The EEOC has issued final regulations implementing the employment provisions of the Genetic Information Nondiscrimination Act of 2008 (GINA), clarifying employer compliance issues and offering model language to help employees understand their rights under the law.
GINA prohibits use of genetic information to make decisions about health insurance and employment, and restricts the acquisition and disclosure of genetic information.
The final regulations are available for downloading at http://eeoc.gov/laws/types/genetic.cfm.
Broadly speaking, the law concerns information about an employee’s family medical history. That’s most likely to be divulged when employers or their health insurance providers offer incentives, such as premium discounts, for employees to complete health risk assessments (HRAs) as part of a (register to read more). For example, some HRAs ask employees whether they have a family history of heart disease or diabetes....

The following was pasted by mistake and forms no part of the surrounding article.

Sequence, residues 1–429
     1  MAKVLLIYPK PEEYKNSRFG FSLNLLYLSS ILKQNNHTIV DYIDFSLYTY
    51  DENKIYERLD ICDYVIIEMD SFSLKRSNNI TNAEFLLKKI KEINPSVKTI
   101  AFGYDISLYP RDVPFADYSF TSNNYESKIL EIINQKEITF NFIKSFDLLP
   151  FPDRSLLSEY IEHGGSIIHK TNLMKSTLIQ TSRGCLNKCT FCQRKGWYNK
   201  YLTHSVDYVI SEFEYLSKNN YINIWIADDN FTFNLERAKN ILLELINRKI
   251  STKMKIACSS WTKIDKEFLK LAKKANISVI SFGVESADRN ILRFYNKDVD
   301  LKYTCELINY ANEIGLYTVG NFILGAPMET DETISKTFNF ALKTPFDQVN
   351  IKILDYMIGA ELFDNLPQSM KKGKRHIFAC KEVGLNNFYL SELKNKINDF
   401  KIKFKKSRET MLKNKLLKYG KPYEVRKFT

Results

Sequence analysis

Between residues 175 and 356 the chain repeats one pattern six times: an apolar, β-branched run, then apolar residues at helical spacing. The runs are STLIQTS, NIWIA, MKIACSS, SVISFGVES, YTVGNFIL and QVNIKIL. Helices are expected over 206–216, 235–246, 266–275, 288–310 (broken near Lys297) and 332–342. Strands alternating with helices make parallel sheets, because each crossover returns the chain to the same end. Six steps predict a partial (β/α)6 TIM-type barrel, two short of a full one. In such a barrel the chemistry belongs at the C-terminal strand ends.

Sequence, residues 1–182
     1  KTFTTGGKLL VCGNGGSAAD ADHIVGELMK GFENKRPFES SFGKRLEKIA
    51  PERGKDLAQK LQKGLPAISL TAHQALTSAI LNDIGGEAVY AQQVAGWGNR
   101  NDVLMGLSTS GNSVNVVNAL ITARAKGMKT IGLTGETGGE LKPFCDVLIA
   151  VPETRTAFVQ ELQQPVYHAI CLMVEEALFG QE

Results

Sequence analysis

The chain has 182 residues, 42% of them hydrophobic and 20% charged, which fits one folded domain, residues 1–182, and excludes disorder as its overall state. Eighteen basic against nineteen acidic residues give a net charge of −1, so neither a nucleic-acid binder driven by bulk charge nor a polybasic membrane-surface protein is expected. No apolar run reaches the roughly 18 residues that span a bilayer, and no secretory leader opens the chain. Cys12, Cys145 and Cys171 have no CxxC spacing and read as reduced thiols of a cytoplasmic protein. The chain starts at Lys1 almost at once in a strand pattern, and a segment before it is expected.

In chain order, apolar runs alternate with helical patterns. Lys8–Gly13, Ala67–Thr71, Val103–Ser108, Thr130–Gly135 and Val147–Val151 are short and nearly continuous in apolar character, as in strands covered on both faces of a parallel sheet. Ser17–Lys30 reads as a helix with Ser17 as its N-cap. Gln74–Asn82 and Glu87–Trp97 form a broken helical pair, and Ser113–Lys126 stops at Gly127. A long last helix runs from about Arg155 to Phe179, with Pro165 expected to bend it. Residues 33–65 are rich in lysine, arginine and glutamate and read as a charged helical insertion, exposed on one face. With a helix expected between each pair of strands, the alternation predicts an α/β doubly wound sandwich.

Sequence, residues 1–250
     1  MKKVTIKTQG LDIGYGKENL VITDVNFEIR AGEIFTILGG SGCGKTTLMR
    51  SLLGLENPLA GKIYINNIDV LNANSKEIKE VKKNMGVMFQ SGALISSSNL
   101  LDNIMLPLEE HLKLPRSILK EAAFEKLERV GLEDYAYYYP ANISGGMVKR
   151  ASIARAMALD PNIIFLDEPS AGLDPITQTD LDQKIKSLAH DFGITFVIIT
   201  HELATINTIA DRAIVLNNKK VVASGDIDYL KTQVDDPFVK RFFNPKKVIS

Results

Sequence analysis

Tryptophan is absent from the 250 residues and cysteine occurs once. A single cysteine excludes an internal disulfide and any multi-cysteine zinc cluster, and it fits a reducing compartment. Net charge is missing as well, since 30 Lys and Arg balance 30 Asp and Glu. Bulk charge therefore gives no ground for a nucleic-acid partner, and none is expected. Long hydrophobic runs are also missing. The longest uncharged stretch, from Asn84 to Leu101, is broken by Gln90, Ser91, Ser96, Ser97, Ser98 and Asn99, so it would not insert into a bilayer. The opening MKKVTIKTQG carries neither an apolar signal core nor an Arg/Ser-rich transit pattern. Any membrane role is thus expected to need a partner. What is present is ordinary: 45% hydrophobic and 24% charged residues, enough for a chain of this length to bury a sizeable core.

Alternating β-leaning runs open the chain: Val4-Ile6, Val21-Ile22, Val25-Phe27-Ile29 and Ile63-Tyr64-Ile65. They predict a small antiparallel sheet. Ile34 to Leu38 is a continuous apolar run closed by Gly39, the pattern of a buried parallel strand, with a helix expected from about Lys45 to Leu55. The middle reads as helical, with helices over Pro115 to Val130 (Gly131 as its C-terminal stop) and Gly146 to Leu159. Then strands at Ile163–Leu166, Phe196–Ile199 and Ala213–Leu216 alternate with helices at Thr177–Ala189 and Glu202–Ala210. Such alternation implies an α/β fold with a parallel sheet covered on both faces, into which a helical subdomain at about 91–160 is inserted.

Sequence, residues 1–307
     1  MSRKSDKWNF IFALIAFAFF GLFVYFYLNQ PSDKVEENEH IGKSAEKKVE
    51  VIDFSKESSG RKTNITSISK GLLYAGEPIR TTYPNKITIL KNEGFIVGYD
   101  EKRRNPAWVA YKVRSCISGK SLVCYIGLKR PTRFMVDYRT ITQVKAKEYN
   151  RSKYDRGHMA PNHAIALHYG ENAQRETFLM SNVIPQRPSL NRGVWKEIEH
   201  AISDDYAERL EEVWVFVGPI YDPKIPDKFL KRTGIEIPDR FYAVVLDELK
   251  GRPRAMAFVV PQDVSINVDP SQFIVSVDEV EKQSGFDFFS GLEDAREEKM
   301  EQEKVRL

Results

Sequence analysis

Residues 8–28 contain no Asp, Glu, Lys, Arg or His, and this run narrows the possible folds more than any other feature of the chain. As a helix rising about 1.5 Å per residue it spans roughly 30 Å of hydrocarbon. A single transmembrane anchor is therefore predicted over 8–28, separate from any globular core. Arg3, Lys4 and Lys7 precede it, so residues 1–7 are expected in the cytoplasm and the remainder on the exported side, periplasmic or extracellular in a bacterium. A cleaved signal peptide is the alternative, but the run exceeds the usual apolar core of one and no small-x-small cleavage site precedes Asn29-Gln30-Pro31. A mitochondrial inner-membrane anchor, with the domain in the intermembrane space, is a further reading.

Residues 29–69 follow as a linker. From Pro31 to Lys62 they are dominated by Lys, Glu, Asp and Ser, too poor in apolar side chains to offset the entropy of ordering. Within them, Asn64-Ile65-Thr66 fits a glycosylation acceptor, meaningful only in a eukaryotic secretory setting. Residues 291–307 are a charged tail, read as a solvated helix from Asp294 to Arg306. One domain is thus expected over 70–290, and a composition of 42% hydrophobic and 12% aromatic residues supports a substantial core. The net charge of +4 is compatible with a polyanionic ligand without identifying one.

- How to Fire an Employee the Legal Way: 6 Termination Guidelines
- Asian-American workers: Beware bias, immigration scrutiny
- Termination reasons needn't be long laundry list
- With promotions on the line, beware rivalries that could result in sex bias, harassment
- Watch out! Simple harassment suits can suddenly become costly emotional distress claims